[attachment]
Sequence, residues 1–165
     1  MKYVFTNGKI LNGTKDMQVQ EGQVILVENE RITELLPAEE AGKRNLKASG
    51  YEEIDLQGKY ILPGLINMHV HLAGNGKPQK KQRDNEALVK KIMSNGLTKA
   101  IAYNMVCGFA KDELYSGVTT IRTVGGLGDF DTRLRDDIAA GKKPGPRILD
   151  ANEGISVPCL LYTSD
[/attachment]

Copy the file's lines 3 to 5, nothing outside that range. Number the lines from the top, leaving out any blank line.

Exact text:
    51  YEEIDLQGKY ILPGLINMHV HLAGNGKPQK KQRDNEALVK KIMSNGLTKA
   101  IAYNMVCGFA KDELYSGVTT IRTVGGLGDF DTRLRDDIAA GKKPGPRILD
   151  ANEGISVPCL LYTSD